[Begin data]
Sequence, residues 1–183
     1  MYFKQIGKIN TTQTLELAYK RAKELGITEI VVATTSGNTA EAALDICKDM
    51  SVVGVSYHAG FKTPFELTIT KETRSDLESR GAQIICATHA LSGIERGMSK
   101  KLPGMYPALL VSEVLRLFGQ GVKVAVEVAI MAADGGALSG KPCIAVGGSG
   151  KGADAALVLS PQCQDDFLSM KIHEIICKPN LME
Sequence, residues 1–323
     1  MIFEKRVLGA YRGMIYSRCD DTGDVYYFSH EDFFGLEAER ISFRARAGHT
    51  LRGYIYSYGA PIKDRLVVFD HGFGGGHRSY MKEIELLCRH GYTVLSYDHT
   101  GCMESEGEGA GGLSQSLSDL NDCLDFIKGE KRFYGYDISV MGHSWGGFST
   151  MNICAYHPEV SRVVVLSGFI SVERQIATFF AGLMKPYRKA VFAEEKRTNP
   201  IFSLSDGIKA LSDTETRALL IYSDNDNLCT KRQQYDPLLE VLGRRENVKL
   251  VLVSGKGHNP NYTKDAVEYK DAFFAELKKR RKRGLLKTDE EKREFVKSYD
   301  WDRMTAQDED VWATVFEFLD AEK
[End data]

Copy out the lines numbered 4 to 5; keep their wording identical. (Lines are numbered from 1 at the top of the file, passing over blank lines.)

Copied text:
   101  KLPGMYPALL VSEVLRLFGQ GVKVAVEVAI MAADGGALSG KPCIAVGGSG
   151  KGADAALVLS PQCQDDFLSM KIHEIICKPN LME